The Kenya National Compact for Peace and Stability

A Brief from the Business Community Meeting in Nairobi on 5 February
2008

Preamble

With the ongoing political crisis, Kenya has lost more than 1,000
citizens to violence, more than 300,000 are displaced from homes and
the Kenya business has suffered immense losses of staff, property,
business and confidence. The country needs to urgently find a
sustainable political settlement of the current crisis so that
further loss can be forestalled. At present a contraction of the
economy is imminent and business is fearful of further losses which
could affect decisions on investment and employment.

The business community welcomes and supports the international
mediation efforts led by Mr. Kofi Annan and the team of eminent
persons and urges all Kenyans to support his efforts to bring peace
to our country. We are fully supportive of the efforts and desire
success of the initiative.

In the views of the Business community, there are several issues
that require attention in order to provide confidence for the
protection of life and property and conduct of business.

1. Immediate Cessation of Hostilities and Violence
We are concerned by the violence that has rocked the country for the
past month. To this end it is important that all political leaders
affirm their commitment to ending of the violence. It is imperative
that the President and the Hon Raila Odinga and close political
associates issue statements endorsing the mediation efforts. In
addition, business expects that both leaders should jointly visit
the areas affected by the violence to preach peace. All political
and communal leaders should also visit the affected areas of the
country to preach peace and to demonstrate their commitment to the
mediation. The Government must take immediate steps to disarm the
armed militias that are terrorizing citizens in many parts of the
country. The communities and families from which these young people
are drawn from should be encouraged to play a role in this regard.

2. Restoration of Security
No business can thrive where there is no security. It is imperative
that all efforts are made to ensure that there is effective
security. To this end, we commend the efforts made to enlist the
services of the armed forces to ensure that security is delivered
and urge continued deployment until situation normalizes. We need
effective policing and the police must act to combat crime and
destruction of property.
Expeditious prosecution of all criminals and facilitation of
individuals in the demanding justice. Accountability of all the
police and public servants and must end culture of civil and
criminal impunity. We have a big responsibility to the region even
as we focus on the internal affairs; we need to give the region a
level of assurance through the opening of all transport corridors.

3. Political Dialogue and Mediation
In order to spur the confidence of society and the business
community, it is important that a sustainable political settlement
is arrived at from the ongoing mediation efforts. To this the

business community recommends a Broad based inclusive government
that supports and builds on the diversity of the Kenyan people and
promotes healing of the nation.

4. National Reconciliation
Kenya is a country of diverse peoples. This has been negatively
affected by the crisis which admittedly has brought to the fore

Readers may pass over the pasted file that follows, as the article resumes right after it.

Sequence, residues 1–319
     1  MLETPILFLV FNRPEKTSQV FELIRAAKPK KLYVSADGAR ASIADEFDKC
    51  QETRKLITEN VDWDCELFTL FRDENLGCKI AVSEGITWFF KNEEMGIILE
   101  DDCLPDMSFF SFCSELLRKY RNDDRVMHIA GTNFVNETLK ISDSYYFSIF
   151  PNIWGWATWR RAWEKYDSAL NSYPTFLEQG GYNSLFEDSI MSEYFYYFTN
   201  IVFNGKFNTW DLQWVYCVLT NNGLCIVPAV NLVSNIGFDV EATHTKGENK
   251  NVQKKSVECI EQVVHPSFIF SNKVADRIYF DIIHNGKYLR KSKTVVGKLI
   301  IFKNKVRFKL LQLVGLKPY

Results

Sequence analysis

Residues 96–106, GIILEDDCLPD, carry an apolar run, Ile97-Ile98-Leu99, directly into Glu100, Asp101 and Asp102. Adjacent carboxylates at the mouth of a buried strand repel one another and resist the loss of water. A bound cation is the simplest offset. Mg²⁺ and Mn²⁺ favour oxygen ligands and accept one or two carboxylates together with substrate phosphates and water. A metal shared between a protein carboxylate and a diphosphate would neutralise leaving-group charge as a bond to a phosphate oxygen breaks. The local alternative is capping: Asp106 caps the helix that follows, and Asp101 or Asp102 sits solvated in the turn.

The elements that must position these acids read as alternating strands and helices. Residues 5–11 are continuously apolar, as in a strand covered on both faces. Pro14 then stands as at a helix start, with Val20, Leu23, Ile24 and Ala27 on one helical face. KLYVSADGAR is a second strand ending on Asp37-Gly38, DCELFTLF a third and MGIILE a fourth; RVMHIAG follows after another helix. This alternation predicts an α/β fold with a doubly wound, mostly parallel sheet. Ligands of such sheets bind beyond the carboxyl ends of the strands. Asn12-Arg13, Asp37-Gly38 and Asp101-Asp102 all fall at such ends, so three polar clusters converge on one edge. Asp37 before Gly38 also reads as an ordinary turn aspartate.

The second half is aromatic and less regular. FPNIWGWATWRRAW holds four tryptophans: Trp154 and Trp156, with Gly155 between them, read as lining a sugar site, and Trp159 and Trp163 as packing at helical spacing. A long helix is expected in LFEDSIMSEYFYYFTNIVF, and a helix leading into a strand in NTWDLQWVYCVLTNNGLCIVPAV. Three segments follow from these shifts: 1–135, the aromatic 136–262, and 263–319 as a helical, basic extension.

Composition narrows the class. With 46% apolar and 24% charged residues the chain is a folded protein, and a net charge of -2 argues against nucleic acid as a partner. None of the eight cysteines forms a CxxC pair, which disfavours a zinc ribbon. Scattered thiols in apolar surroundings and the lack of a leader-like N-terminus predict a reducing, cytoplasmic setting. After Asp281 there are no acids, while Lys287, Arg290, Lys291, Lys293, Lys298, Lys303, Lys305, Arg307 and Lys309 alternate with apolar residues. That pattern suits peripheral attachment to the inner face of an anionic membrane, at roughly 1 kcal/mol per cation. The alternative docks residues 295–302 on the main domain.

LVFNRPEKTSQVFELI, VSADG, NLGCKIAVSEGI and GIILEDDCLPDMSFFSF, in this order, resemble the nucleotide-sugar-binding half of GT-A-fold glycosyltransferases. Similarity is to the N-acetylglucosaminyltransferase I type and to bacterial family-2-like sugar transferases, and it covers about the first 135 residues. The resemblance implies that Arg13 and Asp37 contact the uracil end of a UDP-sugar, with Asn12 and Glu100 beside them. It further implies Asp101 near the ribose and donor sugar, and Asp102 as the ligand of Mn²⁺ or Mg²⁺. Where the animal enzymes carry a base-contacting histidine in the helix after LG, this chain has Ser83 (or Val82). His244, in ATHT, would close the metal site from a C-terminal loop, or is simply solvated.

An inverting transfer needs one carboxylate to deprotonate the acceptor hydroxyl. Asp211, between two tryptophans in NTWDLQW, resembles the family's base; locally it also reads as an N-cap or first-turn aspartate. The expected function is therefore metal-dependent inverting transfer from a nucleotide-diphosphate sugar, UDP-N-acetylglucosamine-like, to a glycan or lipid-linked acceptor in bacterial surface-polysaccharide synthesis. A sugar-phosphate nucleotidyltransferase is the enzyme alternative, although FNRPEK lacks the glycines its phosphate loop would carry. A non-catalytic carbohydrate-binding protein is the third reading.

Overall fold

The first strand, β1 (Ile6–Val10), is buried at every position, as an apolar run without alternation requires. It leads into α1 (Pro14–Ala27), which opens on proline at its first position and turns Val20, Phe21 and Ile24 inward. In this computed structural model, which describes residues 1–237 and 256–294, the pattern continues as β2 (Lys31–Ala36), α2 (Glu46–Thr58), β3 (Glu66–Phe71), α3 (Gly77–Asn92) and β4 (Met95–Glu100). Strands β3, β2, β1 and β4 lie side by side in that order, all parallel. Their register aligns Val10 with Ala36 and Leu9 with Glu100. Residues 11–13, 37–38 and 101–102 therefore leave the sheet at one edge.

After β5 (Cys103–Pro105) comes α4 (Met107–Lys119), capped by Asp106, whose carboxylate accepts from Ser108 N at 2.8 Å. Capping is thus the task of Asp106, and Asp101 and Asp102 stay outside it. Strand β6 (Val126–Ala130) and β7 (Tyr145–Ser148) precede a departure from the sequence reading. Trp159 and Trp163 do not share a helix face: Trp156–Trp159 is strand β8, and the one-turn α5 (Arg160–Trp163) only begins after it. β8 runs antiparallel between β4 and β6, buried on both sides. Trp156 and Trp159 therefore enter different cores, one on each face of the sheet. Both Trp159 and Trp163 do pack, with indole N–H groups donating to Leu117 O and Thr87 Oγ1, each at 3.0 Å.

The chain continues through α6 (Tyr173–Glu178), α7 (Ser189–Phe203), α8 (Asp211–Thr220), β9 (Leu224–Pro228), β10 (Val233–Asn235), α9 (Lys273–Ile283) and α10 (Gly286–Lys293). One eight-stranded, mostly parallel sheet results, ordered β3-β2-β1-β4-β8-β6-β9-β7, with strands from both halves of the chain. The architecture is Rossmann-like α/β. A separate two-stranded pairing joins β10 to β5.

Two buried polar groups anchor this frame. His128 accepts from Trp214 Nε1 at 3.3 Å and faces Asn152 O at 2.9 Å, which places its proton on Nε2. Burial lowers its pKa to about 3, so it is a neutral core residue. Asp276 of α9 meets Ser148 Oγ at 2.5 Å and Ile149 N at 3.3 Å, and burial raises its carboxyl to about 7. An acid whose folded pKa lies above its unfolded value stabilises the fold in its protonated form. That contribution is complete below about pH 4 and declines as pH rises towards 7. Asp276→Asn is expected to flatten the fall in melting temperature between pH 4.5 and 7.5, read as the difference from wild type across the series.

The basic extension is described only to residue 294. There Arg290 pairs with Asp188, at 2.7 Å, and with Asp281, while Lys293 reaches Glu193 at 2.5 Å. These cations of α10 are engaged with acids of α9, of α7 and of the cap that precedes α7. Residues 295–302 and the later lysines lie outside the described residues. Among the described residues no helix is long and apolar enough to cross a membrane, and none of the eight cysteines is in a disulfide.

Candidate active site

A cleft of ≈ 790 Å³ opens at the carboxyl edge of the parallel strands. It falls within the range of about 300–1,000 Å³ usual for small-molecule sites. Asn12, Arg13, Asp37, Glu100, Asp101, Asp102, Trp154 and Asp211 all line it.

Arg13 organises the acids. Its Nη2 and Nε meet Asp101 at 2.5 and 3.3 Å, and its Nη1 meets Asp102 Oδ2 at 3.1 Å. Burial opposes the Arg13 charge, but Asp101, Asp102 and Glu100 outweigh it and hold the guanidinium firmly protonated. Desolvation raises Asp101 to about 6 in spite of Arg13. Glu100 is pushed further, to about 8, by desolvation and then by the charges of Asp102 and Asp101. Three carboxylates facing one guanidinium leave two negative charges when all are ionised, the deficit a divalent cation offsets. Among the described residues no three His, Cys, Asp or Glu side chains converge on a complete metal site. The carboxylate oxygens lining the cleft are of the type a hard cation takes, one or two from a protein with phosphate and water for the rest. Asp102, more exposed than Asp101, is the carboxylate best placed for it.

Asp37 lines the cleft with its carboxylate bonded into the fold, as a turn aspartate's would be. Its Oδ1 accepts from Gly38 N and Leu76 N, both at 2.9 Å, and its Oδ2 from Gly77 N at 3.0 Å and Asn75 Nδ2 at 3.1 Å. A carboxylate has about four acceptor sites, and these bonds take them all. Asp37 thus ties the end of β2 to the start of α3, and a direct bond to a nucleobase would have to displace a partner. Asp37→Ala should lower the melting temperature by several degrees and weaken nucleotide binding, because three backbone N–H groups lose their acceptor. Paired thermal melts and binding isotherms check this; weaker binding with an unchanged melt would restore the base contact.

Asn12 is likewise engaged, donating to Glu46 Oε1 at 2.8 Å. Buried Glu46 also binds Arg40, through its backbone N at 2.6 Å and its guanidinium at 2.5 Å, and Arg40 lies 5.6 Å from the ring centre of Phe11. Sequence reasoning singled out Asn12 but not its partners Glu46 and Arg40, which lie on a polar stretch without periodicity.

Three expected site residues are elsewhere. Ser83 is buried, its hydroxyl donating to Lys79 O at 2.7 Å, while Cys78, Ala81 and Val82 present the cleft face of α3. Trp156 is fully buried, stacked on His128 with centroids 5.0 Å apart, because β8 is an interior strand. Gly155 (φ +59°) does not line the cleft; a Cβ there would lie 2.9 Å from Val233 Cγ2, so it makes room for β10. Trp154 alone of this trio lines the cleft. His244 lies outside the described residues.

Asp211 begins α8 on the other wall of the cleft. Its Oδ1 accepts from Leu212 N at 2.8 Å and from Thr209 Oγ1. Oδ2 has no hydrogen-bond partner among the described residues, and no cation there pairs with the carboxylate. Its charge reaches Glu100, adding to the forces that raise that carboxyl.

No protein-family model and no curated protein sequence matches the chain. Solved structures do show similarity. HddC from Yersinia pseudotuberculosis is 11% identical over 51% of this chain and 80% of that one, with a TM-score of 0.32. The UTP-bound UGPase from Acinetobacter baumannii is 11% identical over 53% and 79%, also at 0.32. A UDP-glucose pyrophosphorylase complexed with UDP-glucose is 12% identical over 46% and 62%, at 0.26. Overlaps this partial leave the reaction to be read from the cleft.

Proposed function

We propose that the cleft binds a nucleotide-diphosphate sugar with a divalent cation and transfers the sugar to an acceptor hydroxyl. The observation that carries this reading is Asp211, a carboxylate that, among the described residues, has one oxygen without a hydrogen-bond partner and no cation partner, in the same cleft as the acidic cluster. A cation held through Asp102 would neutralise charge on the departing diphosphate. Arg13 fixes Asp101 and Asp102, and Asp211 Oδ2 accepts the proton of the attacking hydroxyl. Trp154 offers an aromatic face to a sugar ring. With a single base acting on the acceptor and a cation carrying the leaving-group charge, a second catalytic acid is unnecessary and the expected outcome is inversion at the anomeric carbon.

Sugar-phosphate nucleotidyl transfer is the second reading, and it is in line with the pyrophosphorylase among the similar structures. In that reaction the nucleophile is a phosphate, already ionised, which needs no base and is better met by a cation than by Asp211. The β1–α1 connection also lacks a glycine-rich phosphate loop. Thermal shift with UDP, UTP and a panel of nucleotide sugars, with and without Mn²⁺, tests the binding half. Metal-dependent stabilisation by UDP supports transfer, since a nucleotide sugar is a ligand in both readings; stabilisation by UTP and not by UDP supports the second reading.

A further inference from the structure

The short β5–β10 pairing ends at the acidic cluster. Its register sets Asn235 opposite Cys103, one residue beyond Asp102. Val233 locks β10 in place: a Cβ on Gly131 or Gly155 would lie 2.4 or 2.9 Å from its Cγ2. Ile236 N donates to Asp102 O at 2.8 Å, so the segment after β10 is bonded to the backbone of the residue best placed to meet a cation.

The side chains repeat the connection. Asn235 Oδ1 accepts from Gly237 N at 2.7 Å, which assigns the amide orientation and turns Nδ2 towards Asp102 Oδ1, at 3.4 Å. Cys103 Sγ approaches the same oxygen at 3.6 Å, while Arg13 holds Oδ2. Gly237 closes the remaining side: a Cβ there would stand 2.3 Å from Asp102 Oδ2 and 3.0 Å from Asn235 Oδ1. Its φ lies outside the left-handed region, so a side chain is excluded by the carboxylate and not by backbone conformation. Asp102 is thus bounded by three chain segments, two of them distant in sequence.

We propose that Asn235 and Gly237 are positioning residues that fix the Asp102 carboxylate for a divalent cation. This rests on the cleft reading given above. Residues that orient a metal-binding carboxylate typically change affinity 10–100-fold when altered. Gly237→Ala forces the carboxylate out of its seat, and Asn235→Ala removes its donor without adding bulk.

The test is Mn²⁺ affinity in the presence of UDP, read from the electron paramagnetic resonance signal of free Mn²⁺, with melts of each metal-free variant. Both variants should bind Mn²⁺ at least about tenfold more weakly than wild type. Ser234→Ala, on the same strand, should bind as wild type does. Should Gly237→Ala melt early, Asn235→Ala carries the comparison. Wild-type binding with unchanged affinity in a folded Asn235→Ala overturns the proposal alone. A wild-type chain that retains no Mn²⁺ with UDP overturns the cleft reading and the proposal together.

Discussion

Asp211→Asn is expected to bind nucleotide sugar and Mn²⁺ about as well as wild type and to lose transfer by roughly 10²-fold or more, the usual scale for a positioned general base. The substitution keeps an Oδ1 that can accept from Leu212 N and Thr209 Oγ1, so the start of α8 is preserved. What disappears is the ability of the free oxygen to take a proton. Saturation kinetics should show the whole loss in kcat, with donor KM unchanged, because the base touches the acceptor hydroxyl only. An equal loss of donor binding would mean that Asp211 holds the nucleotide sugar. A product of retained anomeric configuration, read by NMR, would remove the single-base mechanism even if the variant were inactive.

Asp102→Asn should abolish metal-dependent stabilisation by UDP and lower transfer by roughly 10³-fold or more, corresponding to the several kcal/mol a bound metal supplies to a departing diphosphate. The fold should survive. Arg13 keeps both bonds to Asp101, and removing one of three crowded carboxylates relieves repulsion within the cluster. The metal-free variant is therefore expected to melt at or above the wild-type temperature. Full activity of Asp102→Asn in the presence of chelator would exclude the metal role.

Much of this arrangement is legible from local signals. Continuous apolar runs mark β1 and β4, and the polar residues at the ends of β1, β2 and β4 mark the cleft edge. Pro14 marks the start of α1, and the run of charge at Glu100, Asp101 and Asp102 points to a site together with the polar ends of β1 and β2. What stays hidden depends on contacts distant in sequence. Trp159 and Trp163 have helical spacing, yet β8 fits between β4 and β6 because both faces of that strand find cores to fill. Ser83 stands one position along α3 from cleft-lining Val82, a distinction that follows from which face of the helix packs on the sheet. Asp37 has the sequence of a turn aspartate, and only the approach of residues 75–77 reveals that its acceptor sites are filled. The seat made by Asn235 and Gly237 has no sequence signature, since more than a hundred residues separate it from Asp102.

long-standing grievances for which the election dispute acted as a
trigger. It will be necessary for the country to go through a
process healing and reconciliation. We need a comprehensive
dialogue and a truth and reconciliation process. This includes
truth that would facilitate closure on the 2007 Presidential
elections. In addition we need to ensure that this does not recur
in future and therefore the country will need to invest in a long
term programme of national civic education on the need to maintain
diversity of the nation. We should explore criminalization of
tribalism, promotion of diversity and issuance of new IDs with no
tribal identity.

5. Communication of a correct and positive image
The Business community has urged its members from the media to act
responsibly and to desist from airing images and messages that
inflame the passions in the country. In addition, however, business
is also concerned about the quality and effectiveness of government
communication. Image-Kenya Brand reconstruction: The country and
its image has suffered immensely from the ongoing crisis. To this
end, Business commits itself and wishes to work with Government in
the reconstruction of the image and brand of Kenya.

6. Economic Recovery and Reconstruction
The Private sector in Kenya is the engine of growth. The Business
community commits itself to being part and parcel of the
reconstruction efforts in order to get Kenya working again. To this
end it is imperative that Government works with the community to:
Develop an economic stimulus programme that ensures no jobs are lost
and secures both internal and external investment. Such could
include the establishment of a reconstruction fund as well as
necessary fiscal and other incentives e.g. tax breaks.
Establish a Reconstruction programme with a special focus on the
SME.
Create a public works corps that engages the unemployed in building
and delivery of needed infrastructure.
Facilitate resettlement of farmers on their land to minimize the
possibility of food insecurity in the country.

7. Constitutional - Legal reforms
The issues that have arisen will need to be settled in a new
constitutional settlement. To this end the Business community
believes that the country should agree and conclude fundamental
reform that addresses equity, equality, justice and restoration of
all Kenyans democratic and human rights. Such reforms must provide
for management of ethnic diversity in the management of public
affairs as well as management of electoral disputes among others.

End text.
RANNEBERGER